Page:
The freshman phenom sat at the end of the bench, dressed in all black. The starting point guard sat a few seats away, cringing as he rubbed his injured left knee. For a struggling offense, in the middle of a three-game losing streak, the circumstances appeared bleak.
It had already been a difficult week at USC as freshman Kyle Sturdivant dealt with the loss of his father, Gary, who died last week in an accident. His teammates rallied around him and tried their best to carry on. They also went on without leading scorer Onyeka Okongwu, who remained in the concussion protocol.
The situation practically begged for the young and inconsistent Trojans to fall apart. But instead, USC (18-7, 7-5) beat Washington, the Pac-12’s last-place team 62-56.
“This one is for you, Kyle,” USC coach Andy Enfield said. “It’s been a rough week, but we had eight guys show up tonight and really compete.”
It had also been a rough night back in January when the Trojans first met the Huskies on the road. They scored just 40 points and shot just 20% from the field in a defeat that would stick with a team desperate not to drop a game at home for fear of its tournament bubble bursting.
But as both offenses came crawling out of the gate, it appeared history might repeat itself. Again, the Trojans were stalling. Again, nothing from the field was falling.
“We had a lot of open shots,” Enfield said. “We had the ball in the middle. We had the ball in the corner. We had dribble penetration. We just didn’t make any.”
At one point, USC hit just one of 13 shots, then proceeded to make just one of its next eight to follow.
Trailing by five at halftime, the Trojans needed a turning point.
Instead, starting point guard Ethan Anderson was clutching his hyper-extended left knee at the tail end of a 9-0 run to start the second half. Anderson eventually got up and limped to the locker room, but it was left to his teammates to keep USC’s patchwork offense together without both of its top point guards.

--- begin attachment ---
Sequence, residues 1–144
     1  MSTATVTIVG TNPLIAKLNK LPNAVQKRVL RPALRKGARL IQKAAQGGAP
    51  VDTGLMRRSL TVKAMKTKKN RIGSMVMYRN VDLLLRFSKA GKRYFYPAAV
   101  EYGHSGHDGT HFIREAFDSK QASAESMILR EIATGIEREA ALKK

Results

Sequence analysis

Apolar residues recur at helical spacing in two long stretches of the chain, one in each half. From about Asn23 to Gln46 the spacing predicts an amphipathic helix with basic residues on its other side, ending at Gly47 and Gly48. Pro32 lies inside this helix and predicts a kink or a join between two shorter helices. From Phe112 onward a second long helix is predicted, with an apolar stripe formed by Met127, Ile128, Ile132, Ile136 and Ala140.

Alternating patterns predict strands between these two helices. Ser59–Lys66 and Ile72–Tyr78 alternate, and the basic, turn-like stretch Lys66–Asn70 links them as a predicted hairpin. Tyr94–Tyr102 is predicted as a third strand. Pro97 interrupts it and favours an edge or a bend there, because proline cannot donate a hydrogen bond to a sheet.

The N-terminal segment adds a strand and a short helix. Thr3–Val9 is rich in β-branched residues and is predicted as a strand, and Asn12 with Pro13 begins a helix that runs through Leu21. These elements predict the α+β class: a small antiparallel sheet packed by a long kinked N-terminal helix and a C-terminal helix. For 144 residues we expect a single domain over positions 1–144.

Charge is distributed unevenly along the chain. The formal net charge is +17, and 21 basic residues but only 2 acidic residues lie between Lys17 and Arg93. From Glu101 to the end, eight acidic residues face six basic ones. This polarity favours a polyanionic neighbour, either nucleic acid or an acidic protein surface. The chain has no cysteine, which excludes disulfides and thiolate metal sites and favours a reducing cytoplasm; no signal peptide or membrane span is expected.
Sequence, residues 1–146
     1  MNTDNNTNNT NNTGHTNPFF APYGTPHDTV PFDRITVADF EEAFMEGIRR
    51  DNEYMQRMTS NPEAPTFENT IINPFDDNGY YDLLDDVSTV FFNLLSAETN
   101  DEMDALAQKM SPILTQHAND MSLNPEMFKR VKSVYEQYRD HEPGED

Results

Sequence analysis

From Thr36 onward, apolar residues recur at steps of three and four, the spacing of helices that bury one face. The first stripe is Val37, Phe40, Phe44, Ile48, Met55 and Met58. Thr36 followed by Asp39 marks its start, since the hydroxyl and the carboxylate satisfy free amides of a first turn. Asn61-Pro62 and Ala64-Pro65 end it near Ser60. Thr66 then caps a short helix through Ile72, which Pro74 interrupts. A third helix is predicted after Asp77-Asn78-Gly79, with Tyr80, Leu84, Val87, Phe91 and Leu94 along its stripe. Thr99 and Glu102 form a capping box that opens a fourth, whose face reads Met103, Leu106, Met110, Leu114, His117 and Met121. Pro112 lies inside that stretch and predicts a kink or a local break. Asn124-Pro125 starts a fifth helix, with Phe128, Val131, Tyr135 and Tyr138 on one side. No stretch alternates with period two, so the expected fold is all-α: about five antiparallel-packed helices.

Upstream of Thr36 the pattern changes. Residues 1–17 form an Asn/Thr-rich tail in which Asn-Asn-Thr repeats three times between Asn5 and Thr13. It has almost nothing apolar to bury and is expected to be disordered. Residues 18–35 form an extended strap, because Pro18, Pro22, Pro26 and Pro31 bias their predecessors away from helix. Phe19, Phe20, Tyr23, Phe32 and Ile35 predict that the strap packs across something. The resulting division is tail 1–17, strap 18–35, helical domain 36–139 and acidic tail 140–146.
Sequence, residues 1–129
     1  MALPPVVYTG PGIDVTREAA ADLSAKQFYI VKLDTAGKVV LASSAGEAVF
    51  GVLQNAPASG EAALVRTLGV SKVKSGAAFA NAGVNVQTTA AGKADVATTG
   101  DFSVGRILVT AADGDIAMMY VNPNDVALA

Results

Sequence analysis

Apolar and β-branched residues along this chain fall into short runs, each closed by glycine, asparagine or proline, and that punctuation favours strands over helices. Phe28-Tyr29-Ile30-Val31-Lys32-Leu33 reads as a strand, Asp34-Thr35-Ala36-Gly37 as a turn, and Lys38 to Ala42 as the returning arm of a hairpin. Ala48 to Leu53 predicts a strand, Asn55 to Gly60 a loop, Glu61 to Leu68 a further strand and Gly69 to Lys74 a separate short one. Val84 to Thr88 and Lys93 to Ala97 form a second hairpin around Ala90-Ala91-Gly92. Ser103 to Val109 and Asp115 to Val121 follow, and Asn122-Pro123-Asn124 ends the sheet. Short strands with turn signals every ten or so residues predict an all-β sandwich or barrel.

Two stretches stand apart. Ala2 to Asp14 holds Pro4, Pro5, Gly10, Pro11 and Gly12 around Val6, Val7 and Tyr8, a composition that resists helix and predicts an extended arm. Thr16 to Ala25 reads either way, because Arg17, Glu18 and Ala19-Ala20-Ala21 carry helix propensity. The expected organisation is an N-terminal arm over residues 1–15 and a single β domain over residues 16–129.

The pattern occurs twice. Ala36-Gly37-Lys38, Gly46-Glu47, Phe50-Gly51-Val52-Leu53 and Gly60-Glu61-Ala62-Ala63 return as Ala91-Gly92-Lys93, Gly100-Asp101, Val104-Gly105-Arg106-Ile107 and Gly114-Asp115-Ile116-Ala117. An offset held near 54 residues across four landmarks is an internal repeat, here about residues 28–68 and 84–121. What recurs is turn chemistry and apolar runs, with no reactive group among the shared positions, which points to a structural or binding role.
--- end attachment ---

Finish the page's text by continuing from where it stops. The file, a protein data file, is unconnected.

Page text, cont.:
Without freshman big man Okongwu, who leads the team in points (16.4), rebounds (8.9) and blocks (3), Nick Rakocevic stepped up, chipping in a team-high 19 points. Freshman Isaiah Mobley also played well, scoring 10 and adding seven boards while holding hulking Washington forward Isaiah Stewart to 11 points.
USC’s stingy defense would do much of the heavy lifting, holding Washington without a score for seven minutes in the second half. But defense had carried them only so far against Arizona State, which it held scoreless for 11 minutes in a loss last Saturday.
So with Okongwu watching from the bench, it was the seniors who carried USC across the finish line.
Until late in the second half, it had been a relatively off night for Jonah Mathews. He was just two for nine from the field when he hit a runner in the paint to extend the Trojans’ lead to five. On the next possession, he took off on a fastbreak and pulled up unexpectedly from behind the arc, thinking of the transition lay-in that was swallowed up just minutes before.
His smooth jumper fell. Forty seconds later, he added another, giving the Trojans a nine-point lead they would not relinquish.
“Shooters shoot,” Mathews said. “Just had to keep that in mind.”
USC’s shooters were much more effective after the half, including Mathews, who finished with 16 points. The Trojans were just 27% from the field in the first, compared with 44% in the second half.
“Without two guys, it was difficult at times,” Enfield said. “But we battled.”
On Thursday, DeMar DeRozan, who starred at USC in the 2008-09 season, became the seventh Trojan to have his jersey retired.
A Compton native, DeRozan averaged 13.9 points during his tenure at USC. DeRozan was drafted ninth overall in the 2009 draft and went on to play for the Toronto Raptors and San Antonio Spurs.